I do not know if it would be advisable to have an advisory group in that area with teachers who have experience of a bilingual play approach.

Do not have another advisory group. We have too many already.

I have a lot of sympathy for this idea. I would not set up an advisory group for the sheer mad joy of having another group.

Do not do it.

Sometimes they can help and we can learn something from them. This may be the case here or it may be necessary, or possible to pursue the same and in a much more informal fashion merely by talking to a few people. Broadly speaking, we should restate our aims more modestly in terms of things achievable now. We should get rid of any suggestion of hostility to the English language or shame about it. We should encourage biligualism, the development of competence in both languages and love for both languages. We should have regard to the contribution of our own people not just to one language but to both. If we do that consistently, and if we are seen to live up to what we are trying to do, in that way we shall help to encourage love for the Irish language, a positive feeling for it, a better psychology in the country generally, and thus make progress.

I have spoken of broadcasting because I have responsibility for it but it is only a part of all this. It can help but it cannot be an instrument for achieving the impossible, nor yet can it be controlled by a mandate for activist policy. In this, as in other matters, it comes back finally to the democratically elected Government of the country.

Whatever short-comings the Minister may have, he does not seem to me to have lost his capacity to generate discussion. There are other publications of Comhairle na Gaeilge which I am sure the Minister has seen. Generally these publications display an updating of the questions he has been discussing and I hope they will be beneficial in future in this area.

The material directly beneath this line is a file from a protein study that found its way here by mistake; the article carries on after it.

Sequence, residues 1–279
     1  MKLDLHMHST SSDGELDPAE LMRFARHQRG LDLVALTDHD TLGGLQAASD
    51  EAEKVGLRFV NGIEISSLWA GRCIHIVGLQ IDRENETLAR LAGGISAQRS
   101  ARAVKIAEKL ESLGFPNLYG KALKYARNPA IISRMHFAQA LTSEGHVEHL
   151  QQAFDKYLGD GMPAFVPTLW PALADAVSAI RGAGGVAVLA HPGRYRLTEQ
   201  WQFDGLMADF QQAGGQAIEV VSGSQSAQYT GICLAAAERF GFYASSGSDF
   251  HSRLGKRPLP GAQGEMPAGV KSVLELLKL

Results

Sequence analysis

With regard to the Estimate, I take it that with the introduction of the new automatic exchanges there will be some improvement in the telephone service in Dublin? Can the Minister state if at some future date the Department will issue a new postal district map of Dublin? When the Minister spoke in the debate on the previous occasion he referred to an additional half-hour programme for Radio na Gaeltachta and I asked him at what time of the day this would likely occur. Perhaps he may have some information on this matter now.

The Minister referred to a television programme. On a subsequent programme on television I am afraid I misinterpreted the Minister. Because of an interruption I thought I heard him say he could not be bothered looking at RTE programmes and the Minister corrected me. What I did not realise at that stage was that the Minister was quoting somebody else. I should like to express my regrets to him for misinterpreting what he said. I should not like to misinterpret the Minister or anyone else.

I should like to thank the Deputy, in particular for his last remark. It is unusual in this House and most edifying to hear someone apologise for misinterpreting somebody else. I think we should almost observe a minute's silence for such an event.

With regard to the Deputy's question regarding telephone services in the Dublin area, we can expect some improvement as a result of the new exchanges. With regard to his suggestion about a new postal map, my Department will look into the matter and I shall communicate with him. With regard to Radio na Gaeltachta, we have not got the required information but I will convey it to the Deputy as soon as I receive it.

Question put, and a division being demanded, it was postponed in accordance with the Order of the Dáil of this day until 10.15 p.m. on Wednesday, 3rd July, 1974.